Audit into health and human services raises questions about Medicaid, foster care and child care
The Montana Department of Public Health and Human Services (Photo by Eric Seidle/ For the Daily Montanan).
The Legislative Audit Division has issued a wide-ranging fiscal audit of the Montana Department of Public Health and Human Services, completing the biennial process, and it made recommendations ranging from changing what documentation the agency keeps to more major issues with the state’s foster program and Medicaid.
Among the findings was that the state did not have a system to stop those convicted of Medicaid fraud from receiving benefits; the state has not consistently verified eligibility for Medicaid and CHIP, the Children’s Health Insurance Program; and it may have overpaid some foster care subcontractors tens of thousands of dollars.
The report will go to the Legislative Audit Committee and provides a snapshot of the state’s largest department in terms of expenditures.
During Fiscal Year 2020 and 2021, Montana spent 18% more than it had during the prior period, generally due to the influx of federal COVID-19 funds, which were largely administered through DPHHS.
Legislative auditors recommended 19 different areas of improvement, 17 of which DPHHS either agreed with, or partially concurred. That number is lower than a previous audit, which contained 27 recommendations. The auditors reported that the state had implemented 15 of those, partially implemented another eight, but did not address four of them.
One of the most frequent concerns of lawmakers when discussing Medicaid and Medicare is fraud, so much so that there was a concerted push to eliminate the state’s continuous eligibility for the programs, which requires the state to check the eligibility status on a rolling basis instead of once per year.
While lawmakers remain concerned about fraud, the audit noted that in 2020, the department recommended DPHHS develop a system to receive notification of those who committed Medicaid fraud and a corresponding system to suspend individuals who have been convicted from receiving benefits.
“There is still no mechanism in place to notify the department of convictions,” the audit said.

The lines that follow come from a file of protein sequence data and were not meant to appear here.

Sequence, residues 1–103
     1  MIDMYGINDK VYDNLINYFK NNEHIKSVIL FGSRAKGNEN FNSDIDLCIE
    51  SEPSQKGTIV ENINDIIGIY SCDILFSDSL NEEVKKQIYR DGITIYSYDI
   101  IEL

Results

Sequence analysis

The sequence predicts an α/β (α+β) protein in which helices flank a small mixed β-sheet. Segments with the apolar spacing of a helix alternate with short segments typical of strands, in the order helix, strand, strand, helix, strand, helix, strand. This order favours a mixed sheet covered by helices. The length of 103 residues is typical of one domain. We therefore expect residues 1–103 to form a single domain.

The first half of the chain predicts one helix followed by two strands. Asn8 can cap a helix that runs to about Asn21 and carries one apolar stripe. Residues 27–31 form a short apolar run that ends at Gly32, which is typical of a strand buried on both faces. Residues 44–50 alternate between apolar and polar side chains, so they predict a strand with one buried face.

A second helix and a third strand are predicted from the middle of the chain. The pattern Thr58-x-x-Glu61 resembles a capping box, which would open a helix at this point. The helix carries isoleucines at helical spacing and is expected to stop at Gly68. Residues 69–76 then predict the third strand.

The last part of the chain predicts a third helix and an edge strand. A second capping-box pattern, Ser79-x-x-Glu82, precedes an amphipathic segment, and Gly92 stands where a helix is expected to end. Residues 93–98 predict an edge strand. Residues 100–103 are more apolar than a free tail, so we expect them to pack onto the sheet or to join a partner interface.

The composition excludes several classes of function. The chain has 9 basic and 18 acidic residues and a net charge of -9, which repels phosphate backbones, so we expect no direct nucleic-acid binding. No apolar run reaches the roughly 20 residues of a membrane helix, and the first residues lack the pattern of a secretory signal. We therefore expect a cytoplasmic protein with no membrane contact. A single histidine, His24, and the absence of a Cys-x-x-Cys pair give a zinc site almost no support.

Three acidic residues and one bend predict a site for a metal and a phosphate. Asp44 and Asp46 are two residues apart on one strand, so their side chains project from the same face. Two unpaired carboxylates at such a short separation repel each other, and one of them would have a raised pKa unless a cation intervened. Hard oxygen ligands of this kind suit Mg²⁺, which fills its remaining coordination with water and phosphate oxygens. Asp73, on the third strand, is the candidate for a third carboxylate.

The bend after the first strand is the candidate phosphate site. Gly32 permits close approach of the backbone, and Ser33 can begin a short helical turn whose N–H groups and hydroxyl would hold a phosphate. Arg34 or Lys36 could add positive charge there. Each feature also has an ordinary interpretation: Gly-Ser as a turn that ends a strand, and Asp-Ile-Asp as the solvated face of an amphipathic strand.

Medicaid and CHIP eligibility
The report also pointed out inconsistencies and problems with how Montana verifies eligibility for the Medicaid programs and CHIP.
The auditors found that the state doesn’t consistently verify the eligibility, that some files lacked documentation of the decisions, and that some participants may be placed in the wrong program, leading to incorrect benefits.
Among the findings was that verifications were not completed or followed up as required by federal and state law, and that “case files did not fully support the information used or the department’s decisions in eligibility requirements.”
Some of those problems the auditors found in 120 cases that were sampled (60 from each program) was that income used to support the case was incorrect, or not fully supported.
“Based on the errors identified in our sample work, the department’s internal controls are not sufficient to ensure compliance with federal regulations related to Medicaid and CHIP eligibility,” the audit said. “The department is at risk of not making uniform eligibility decisions and potentially placing individuals in wrong eligibility categories without consistent application of the eligibility process.”
The audit also found that individuals in the CHIP system were not properly removed from the program when they turned 19 and “aged out” of the program. Two cases, show individuals who aged out in 2017 were still on the rolls, though not paid any benefits.
The department, through Director Adam Meier, responded to the audit in writing, which is standard practice. His comments are included in the report. He said the department is revising its policies and procedures to ensure CHIP and Medicaid cases are fully documented and supported, including a consistent calculation to determine household income and eligibility.